New sci-fi and science reads for July

Welcome back to my monthly look at what’s new in the world of sci-fi and science. Most of these are published this month, but you’ll find a couple of August releases in here too. So let’s get started!

Talking to robots: tales from our human-robot futures by David Ewing Duncan
Robots and AI are hot topics right now. Here, journalist Ewing Duncan considers 24 possible future scenarios based on existing technologies. A must-read for anyone like me who devoured Asimov’s robot stories!

Growing Things and Other Stories by Paul Tremblay
For something a little different this summer, how about a mix of horror, psychological suspense, and the supernatural? One of the stories was a nominee for the Bram Stoker short story award.

Dark Matter and Dark Energy: The Hidden 95% of the Universe (Hot Science) by Brian Clegg
Released on Kindle next month, although you’ll have to wait until November for the paperback. Brian Clegg is a well-respected science writer, and I’m looking forward to his take on this topic that’s been perplexing scientists for decades.

The Reality Assertion by Paul Anlee
The Universe has run out of time in this, the fourth and final book in Anlee’s Deplosion series. It promises accessible real science, plausible speculation, and lots of outside-the-box ideas. Should be a good read!

Novacene: The Coming Age of Hyperintelligence by James Lovelock
The 100-year old creator of the original Gaia theory envisions a new future, the Novacene, where new super-beings will emerge from AI systems and work with us to save the planet. Sounds like an interesting and provocative theory.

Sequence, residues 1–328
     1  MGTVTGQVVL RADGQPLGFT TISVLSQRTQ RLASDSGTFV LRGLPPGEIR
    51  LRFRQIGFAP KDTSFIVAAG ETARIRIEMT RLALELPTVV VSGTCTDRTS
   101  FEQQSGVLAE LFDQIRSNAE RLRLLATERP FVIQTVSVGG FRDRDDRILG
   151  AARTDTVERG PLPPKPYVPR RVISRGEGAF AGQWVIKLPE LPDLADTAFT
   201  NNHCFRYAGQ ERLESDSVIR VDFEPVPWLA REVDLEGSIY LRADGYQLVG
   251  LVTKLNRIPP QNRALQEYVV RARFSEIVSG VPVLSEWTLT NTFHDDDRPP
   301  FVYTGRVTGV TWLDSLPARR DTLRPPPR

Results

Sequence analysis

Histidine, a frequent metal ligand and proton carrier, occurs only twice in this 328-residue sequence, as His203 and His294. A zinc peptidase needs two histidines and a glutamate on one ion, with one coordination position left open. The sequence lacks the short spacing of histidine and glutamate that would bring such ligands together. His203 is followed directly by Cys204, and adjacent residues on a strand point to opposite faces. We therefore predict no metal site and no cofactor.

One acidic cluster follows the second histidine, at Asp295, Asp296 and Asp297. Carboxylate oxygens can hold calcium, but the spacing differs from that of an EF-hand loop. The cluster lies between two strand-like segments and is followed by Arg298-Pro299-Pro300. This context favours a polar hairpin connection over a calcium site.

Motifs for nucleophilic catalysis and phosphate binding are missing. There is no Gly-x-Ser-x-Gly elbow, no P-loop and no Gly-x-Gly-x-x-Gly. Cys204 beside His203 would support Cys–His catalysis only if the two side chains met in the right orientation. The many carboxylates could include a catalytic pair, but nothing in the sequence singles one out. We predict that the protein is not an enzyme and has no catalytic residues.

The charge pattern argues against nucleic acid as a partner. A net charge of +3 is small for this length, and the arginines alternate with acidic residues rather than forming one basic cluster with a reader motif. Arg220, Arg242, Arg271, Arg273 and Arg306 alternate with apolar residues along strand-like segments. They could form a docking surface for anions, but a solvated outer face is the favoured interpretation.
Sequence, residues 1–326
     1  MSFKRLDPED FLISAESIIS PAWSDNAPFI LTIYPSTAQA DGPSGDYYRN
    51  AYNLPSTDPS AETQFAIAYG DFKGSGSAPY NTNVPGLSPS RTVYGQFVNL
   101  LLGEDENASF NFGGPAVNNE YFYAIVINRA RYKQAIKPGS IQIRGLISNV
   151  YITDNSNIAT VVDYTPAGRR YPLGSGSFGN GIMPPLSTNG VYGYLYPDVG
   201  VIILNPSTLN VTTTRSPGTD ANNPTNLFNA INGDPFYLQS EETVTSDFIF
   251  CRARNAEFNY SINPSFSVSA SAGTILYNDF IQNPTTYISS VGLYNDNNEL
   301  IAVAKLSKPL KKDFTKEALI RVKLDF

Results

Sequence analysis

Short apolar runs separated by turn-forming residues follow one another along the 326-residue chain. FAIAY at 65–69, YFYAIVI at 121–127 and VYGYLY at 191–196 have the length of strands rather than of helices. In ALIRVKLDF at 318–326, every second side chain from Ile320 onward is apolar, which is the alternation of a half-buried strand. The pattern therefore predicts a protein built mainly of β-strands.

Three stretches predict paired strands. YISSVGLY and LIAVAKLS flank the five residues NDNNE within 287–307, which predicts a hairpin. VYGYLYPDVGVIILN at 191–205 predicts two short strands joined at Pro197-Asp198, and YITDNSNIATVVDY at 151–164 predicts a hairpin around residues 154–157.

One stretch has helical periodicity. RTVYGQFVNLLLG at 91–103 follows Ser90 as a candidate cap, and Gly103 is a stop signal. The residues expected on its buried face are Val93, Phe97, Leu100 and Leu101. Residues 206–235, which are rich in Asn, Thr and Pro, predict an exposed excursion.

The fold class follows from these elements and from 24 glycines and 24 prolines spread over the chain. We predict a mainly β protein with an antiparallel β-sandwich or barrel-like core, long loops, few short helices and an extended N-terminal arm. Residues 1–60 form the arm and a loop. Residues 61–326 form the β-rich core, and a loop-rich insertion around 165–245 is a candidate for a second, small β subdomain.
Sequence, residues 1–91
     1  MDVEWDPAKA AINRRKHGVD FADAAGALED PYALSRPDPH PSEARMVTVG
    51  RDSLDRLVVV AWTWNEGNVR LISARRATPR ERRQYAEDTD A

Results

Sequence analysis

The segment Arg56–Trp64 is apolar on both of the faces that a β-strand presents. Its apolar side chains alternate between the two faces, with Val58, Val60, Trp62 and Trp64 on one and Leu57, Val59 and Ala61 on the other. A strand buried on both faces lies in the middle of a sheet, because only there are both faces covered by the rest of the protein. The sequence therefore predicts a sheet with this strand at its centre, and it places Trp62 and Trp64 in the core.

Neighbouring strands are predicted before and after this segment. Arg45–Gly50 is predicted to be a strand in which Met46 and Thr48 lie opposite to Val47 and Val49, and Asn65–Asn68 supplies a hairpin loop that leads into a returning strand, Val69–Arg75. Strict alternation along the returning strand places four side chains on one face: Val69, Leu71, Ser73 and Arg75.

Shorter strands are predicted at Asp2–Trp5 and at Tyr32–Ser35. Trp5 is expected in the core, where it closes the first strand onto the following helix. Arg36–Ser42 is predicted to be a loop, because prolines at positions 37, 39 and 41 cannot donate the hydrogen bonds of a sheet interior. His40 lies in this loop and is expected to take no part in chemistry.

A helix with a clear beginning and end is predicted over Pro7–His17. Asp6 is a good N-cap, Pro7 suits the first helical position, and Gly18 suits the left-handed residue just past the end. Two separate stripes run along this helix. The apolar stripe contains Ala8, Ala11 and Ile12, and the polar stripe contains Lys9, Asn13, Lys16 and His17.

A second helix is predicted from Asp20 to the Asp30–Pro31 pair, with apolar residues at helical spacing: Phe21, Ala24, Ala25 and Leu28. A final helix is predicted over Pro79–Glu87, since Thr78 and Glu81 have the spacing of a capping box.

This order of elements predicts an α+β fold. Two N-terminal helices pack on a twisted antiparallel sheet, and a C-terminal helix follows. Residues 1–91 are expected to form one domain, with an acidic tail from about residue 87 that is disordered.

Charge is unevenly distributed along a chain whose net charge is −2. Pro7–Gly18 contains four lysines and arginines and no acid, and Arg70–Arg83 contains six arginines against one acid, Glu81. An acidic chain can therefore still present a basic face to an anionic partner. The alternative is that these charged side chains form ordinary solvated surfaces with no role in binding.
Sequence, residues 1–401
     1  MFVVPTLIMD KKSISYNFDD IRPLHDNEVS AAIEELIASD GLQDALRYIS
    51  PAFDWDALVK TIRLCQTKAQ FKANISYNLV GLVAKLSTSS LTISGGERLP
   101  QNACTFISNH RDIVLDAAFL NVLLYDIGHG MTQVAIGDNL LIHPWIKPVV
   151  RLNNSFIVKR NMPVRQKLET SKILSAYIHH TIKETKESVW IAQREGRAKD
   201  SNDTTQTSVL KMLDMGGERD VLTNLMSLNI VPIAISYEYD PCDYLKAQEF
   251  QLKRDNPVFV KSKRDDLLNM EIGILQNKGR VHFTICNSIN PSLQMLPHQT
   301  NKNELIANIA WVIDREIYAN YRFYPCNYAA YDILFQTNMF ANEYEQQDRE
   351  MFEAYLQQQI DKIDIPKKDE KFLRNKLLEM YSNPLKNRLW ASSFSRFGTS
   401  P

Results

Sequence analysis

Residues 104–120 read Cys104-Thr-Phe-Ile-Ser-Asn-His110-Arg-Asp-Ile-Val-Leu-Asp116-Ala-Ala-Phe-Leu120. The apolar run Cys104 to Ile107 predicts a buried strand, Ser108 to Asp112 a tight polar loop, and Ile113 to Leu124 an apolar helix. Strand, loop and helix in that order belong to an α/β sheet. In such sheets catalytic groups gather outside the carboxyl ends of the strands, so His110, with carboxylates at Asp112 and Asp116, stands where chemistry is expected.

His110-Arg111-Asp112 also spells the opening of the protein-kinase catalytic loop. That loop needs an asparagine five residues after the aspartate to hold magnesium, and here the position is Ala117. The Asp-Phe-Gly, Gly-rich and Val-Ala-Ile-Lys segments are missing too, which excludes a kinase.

Across the Void by S.K. Vaughn
What do you do when you’re drifting alone in space, but everyone back home thinks you’re dead? Likely to appeal to fans of Gravity, Arrival, or the Martian, this accessible space thriller will be heading to the big screen at some point. Plenty of emotion and conflict along with the science.

Iron Gods by Andrew Bannister
The second book in the Spin trilogy, set ten-thousand years after events in the much-acclaimed Creation Machine. It sounds like an epic read with complex world building and plenty of action. Likely to appeal to fans of Iain M. Banks.

The Turquoise Queen by Iuri Bhering
A striking cover for this debut space opera, and the first in the Coalition series. Intrigue and politics as a desperate people seek allies in a world with unique communication methods.
Watch the trailer here.

New Earth (The Grand Tour #21) by Ben Bova
Bova’s The Craft of Writing Science Fiction That Sells is essential reading for sci-fi writers, although I see that this latest book received some mixed reviews. The discovery of human-like intelligent life on an Earth-like planet raises plenty of questions for a group of explorers who are essentially on a one-way mission.

The Making of Alien by J. W. Rinzler
Alien is one of those classic sci-fi/horror movies I go back to time and time again. Hard to believe it’s 40 years old! This is one of those special anniversary, definitive behind-the-scenes accounts including interviews with Ridley Scott and production staff plus rare archive photos. A must read!

Phew! And I thought there wasn’t much being published over the summer! I’ll be taking a break from new releases over August, so see you again in September. Happy summer reading!

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